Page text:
Selling Wisdom From Maine- Two Bits Of Advice You Need

There’s an old Maine story that goes like this….

A city dweller pulls up to a rural Maine country store in his fancy sports car. He sees an old fella sitting in a rocker on the stoop of the store, whittling wood, rocking back and forth, and smoking a pipe. At his feet was a big brown dog. City dweller puts down his window and yells out…”hey there, your dog bite?” The old guy replies “nope”. So, city dweller confidently opens the door and heads to the store. He no sooner takes one step up onto the stoop when the big brown dog lunges forward and bites his leg, shredding his pants. Panicked and bloodied he rushes back to the car, slamming the door. Angrily he rolls down the window and shouts “Hey man, what the heck? I thought you said your dog don’t bite.” Old man replies “Whelp, mine don’t…, but that one does.”

Two lessons I will always remember from this story. I have applied both to my sales career and they have both served me well. I will now give them to you. First, make no assumptions. Second, ask the question you really want the answer to.

Make no assumptions: People make assumptions because they create a story in their head of the situation and they apply their own bias or frame of reference to the current situation. This is a rookie mistake and it can bite you later (sorry, I had to). It doesn’t matter what you thought, what you would have done, or what you have seen in your career. It’s about your prospect or customer. It’s about what they are experiencing, it’s their frame of reference, their situation. It is your job as a salesperson to get them to say it and tell you about it. If you try to propose a solution without knowing your customers reality, you run huge risk. Assume nothing. Validate assumptions. In fact, this is one of the best ways to prepare for an appointment. Write down a list of things you think you know and then use the list to generate a conversation with your prospect or customer.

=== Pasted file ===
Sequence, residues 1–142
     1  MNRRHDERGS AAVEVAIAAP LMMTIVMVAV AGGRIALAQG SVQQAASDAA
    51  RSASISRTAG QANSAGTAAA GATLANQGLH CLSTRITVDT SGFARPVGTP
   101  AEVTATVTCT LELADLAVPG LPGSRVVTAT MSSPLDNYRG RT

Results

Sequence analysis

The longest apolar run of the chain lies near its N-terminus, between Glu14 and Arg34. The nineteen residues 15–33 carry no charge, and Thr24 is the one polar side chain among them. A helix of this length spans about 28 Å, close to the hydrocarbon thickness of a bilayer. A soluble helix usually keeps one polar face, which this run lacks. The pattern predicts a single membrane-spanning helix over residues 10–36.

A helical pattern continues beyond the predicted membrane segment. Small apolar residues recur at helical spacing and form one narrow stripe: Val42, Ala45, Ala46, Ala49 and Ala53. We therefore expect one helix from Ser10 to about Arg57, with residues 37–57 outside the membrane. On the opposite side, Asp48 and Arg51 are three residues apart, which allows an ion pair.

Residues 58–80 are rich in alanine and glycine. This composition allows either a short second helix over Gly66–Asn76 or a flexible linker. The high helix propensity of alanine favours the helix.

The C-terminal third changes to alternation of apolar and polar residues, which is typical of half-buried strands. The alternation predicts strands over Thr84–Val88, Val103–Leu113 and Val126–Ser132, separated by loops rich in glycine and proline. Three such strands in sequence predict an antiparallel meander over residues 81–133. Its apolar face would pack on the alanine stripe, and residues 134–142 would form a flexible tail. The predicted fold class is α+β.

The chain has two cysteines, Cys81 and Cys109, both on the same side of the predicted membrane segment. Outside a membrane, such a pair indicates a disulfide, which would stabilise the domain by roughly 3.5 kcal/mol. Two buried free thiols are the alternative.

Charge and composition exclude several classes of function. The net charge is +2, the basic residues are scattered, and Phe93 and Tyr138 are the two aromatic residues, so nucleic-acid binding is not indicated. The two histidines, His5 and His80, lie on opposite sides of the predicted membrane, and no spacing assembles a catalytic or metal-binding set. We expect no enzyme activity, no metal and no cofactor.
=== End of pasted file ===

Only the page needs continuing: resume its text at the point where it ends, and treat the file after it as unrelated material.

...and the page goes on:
Ask the questions you really want the answer to:  Salespeople sometimes waste a tremendous amount of time (and prospect patience) by asking time wasting questions that will have zero relevance to the actual outcome or solution. Particularly, questions around the competition come to mind. I have heard many salespeople ask “Tell me a little about what your current provider does well” or “If you had a magic wand, what would you change about the product/service you’re getting now?” Completely unproductive! These questions only help you position yourself against a competitor, they will not help you get a deal. Knowing what your competition provides and knowing what they charge is only relevant if you are selling a commodity or aspire to be the low price provider. Asking stuff like this can actually bring your margins down because once the client figures out you think you’re competing, they will try to differentiate by price. What you really want to know is ‘how to help your client’, isn’t it? Then ask questions that get to that. ‘Tell me about your current process.” “Does it work the way you want?” “How would you change it?” “What happens when it works well or when it doesn’t?” “What is the impact to your business?” “What is the impact to you and your team?” Questions like these will help you uncover real business issues and will help you identify a solution that will actually help your client.

Being able to do thorough discovery with a client is a gift. It is time that should not be wasted. It is not your story to tell. It is an opportunity for your customer/prospect to tell their story to someone that can help solve real business issues.

Be that person.

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Ideas, comments, and questions are always welcomed! Happy Selling!